The Cycladic Art museum is located in two different buildings, next to each other, which are connected by a glass-roofed corridor. Even if the museum has taken its name from its prominent Cycladic collection, the visitor will be pleasantly surprised by its other collections and mostly by the very well presented information on various artistic techniques and everyday life and customs of the Ancient Greeks.

The first floor of the museum has the Cycladic collection. This civilization developed mostly on the Cycladic islands between 3200-2100 B.C. During this period metal (bronze) was used for the first time in order to make tools. The collection contains artifacts of three different periods of the Cycladic Civilization. The visitor will be able to see the tools, the vases made by both clay and stone and most importantly the figurines of these periods. The marble, more or less abstract, Cycladic figurines have become famous since they have inspired many modern artists (for example Picasso). The collection has some of the early and late examples of the figurines, which are really schematic. The more figurative ones belong to the middle period, which was the peak of the civilization. One figurine that will definitely capture the attention of the visitor is the one that is seated and raises its cup to make a toast. The large-scale figurines are also really impressive.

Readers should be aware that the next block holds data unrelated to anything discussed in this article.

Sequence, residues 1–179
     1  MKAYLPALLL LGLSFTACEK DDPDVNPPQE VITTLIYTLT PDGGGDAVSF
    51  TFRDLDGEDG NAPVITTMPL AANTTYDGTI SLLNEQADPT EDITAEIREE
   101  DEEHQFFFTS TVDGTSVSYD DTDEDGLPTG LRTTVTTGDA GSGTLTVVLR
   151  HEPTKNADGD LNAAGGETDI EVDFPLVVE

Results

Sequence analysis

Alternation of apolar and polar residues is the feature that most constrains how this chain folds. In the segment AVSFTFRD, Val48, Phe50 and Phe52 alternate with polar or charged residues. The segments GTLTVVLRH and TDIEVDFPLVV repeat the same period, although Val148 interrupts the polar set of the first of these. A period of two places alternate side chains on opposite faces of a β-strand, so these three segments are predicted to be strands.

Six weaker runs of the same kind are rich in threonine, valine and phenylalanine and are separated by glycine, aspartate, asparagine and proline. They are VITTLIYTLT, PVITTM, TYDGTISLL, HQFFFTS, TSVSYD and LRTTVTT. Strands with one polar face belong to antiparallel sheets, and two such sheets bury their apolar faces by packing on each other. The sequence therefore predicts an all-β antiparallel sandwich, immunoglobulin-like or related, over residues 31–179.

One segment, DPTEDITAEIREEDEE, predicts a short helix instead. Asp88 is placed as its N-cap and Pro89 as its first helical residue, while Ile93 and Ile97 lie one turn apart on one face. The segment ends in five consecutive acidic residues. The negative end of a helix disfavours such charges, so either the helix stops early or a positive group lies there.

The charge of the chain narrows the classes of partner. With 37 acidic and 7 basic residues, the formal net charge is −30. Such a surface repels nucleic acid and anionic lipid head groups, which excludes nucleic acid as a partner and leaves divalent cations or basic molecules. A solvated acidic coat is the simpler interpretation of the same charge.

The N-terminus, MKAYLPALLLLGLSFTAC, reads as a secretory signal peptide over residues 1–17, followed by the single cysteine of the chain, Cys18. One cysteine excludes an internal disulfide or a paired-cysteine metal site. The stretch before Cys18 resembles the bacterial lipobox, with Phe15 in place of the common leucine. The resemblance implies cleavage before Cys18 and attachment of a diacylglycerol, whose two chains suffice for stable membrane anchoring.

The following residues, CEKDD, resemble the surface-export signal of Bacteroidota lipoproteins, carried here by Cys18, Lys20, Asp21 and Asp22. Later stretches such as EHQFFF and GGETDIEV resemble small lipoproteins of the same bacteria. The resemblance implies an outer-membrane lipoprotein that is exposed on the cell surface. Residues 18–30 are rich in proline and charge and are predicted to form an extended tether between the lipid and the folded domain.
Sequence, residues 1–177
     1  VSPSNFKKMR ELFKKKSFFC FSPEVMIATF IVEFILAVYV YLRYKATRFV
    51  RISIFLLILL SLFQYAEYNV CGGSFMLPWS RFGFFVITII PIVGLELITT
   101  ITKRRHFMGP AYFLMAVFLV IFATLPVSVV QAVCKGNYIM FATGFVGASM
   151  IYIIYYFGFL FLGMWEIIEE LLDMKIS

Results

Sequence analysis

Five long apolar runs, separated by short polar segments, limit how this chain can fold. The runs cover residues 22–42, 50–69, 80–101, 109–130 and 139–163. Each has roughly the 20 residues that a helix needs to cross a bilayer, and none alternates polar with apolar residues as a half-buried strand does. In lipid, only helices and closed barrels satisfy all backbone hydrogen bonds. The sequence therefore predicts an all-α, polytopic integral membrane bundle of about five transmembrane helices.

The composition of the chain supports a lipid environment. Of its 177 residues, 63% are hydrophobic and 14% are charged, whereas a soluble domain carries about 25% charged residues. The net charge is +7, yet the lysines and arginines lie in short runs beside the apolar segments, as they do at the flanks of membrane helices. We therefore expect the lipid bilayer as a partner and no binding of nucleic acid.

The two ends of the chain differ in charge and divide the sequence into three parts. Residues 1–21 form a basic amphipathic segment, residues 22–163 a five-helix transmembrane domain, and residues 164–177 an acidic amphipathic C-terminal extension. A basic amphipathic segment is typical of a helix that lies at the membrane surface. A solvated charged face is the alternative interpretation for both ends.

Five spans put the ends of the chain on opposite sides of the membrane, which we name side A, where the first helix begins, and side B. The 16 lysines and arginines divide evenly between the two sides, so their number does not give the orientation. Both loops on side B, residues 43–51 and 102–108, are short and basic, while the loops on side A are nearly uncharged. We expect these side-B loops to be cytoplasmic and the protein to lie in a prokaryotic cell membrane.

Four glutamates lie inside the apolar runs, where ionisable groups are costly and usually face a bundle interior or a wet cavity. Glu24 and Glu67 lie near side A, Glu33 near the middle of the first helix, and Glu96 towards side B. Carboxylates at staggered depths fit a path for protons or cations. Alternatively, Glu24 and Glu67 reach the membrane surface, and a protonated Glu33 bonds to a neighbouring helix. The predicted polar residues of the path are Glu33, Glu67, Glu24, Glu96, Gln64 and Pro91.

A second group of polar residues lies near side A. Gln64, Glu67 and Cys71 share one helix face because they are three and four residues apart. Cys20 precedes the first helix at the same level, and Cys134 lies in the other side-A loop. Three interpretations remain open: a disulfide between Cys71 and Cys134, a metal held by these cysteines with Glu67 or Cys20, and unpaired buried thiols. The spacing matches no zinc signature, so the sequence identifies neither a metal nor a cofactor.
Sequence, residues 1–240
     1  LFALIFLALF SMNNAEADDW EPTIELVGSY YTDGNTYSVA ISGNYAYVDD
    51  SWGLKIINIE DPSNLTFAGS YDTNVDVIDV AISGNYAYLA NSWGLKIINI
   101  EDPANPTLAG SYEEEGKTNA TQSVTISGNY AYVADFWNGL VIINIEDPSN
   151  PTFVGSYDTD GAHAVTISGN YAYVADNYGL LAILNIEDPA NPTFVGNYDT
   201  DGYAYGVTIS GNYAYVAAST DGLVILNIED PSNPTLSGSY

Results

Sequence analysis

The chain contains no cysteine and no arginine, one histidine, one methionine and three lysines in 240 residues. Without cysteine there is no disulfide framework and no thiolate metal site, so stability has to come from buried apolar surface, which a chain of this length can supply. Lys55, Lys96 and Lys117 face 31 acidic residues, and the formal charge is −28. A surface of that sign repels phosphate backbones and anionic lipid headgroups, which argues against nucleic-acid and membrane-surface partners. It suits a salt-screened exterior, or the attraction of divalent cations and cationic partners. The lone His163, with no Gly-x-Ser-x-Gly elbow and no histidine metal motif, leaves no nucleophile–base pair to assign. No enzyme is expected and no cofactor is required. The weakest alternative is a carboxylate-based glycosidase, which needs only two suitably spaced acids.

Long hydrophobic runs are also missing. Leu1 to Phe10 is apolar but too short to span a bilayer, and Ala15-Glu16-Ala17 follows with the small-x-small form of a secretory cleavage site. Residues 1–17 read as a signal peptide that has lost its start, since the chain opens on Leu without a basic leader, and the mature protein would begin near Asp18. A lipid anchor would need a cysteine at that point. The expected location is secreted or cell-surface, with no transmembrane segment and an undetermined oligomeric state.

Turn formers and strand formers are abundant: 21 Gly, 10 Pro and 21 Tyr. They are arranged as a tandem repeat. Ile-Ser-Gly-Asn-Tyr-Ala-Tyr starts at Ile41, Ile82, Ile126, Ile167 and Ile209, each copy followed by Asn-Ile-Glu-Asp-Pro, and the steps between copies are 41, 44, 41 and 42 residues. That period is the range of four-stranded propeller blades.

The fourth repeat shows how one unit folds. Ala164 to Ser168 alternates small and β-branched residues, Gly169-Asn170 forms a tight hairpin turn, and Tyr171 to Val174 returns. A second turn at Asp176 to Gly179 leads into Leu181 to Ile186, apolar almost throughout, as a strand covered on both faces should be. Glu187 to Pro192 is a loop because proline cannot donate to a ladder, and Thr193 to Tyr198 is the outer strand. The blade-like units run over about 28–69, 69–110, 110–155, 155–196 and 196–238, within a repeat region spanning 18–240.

The second and fourth floors house a large collection of Ancient Greek Art, covering the Middle Bronze Age (2nd millennium BC)  to the very end of the Roman empire (4th century AD). Vases, tools, fragments of sculptures, golden jewelry, vases made of glass and bronze helmets represent these periods. The visitor also has the opportunity to understand the technique of pottery, goldsmith art, wind-blown glass and metallurgy.

The third floor has a collection of Cypriot Art that covers a period from Prehistoric times to the Roman Empire. The collection has samples of vases, coins, glass utensils, and jewelry. All of these artifacts are very similar to the Greek ones of the same period indicating that the same culture more or less was developed both in Greece and Cyprus.